This year, a really great card accompanied the gift my gift and I love the card so much, I wanted to share it with you.  I have never, ever seen a card like this.  It's basically a Mothers' Day card for non-mothers, and I think it is just so awesome.

When I told my mom how much I loved this card she kept going on about how it's TRUE and that she thinks I am like a mom to everyone - very loving and nurturing.

I have to say, I was just so touched by this, especially since the "child" issue was a sore spot between my mom and me back some years ago. In fact, back then we had a serious, long-lasting fallout over it because I felt she was invalidating the life path I had taken and trying to convince me that I was wrong to not have kids. I finally had enough of it - hence, the fallout. But that was years ago. Now that I am 46, I think she has finally accepted that we are not having kids. More than that, I think she can really see that I am happy in my life and that's what's most important in the big picture. She doesn't need more grandkids (she has 4 already), although I am sure she'd be happy to have as many as she can get. Also, I have noticed that in recent years when I talk to her about being glad I don't have the stresses and problems of people who have kids, I can tell she doesn't disagree with me or give me disapproving looks like she used to. I think she can finally see how much easier my life is because of the choice we have made, and how my life is filled with all the things and people I love. There's no lack in my life and she can see how grateful I am for the great life I have.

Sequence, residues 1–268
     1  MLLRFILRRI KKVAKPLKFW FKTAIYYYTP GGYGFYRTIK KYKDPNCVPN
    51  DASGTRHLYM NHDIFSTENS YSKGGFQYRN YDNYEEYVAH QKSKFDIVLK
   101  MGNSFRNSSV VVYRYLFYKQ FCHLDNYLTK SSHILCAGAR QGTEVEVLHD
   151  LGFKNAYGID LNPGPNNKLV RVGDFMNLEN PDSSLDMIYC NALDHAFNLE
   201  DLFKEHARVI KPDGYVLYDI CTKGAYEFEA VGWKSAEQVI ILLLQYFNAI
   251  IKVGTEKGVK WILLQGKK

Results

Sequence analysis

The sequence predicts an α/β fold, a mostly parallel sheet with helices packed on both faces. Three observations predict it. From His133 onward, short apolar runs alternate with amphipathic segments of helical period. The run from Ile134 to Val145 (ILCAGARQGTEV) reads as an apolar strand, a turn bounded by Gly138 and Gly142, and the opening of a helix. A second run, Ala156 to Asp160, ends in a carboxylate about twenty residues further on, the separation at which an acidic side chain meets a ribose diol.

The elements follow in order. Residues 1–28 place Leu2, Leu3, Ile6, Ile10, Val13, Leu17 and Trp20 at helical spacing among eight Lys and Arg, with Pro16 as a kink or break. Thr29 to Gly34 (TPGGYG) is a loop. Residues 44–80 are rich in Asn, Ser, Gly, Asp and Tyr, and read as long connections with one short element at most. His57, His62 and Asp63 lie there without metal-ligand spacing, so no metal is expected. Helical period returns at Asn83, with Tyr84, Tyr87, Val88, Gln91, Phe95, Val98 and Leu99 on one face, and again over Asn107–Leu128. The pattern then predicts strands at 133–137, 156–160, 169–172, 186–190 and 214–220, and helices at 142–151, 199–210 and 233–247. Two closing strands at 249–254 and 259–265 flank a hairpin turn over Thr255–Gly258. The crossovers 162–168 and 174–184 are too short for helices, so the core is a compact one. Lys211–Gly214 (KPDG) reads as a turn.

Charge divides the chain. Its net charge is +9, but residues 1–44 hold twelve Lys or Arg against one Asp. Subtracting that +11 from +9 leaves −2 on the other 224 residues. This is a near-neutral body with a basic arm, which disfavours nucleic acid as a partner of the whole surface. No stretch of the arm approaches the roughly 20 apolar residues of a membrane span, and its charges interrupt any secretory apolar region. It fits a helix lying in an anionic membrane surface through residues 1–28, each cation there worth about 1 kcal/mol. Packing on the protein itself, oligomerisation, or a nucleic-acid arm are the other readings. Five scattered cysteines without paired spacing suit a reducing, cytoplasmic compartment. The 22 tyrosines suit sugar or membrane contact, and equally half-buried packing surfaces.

Wednesday, May 9, 2012

Childfree Celebrity Spotlight: Maurice Sendak

Legendary childrens' book author and illustrator, Maurice Sendak, author of Where the Wild Things Are, died recently at the age of 83. While Sendak was known for his beloved childrens' books, most did not realize that he was decidely childfree. In a 2011 interview with radio host Terry Gross, Sendak was asked if he would have liked to have had children.

No.  There's too much hard work involved and I am devoted to being an artist and a person who reads books for the rest of my life - however long I have.
Gross, then commented that this type of activity requires a lot of "self-absorption" (the old childfree = selfish stereotype), to which Sendak replied:

I think it has to do with the time that's spent trying to understand what it means to be an artist - to get under the skin of what is happening as best you can - and to have a real child would be hard work I would not want to do - changing clothes, taking her to school, putting up with her anger, putting up with her indifference and praying all the time that she will grow up to be a good woman and take care of her poor old dad. 
When asked if he wished he had a child to take care of him in his old age, Sendak admitted that he had a "fantasy daughter", but when pressed by Gross - who tried to get him to admit he wished he had had a child, Sendak replied: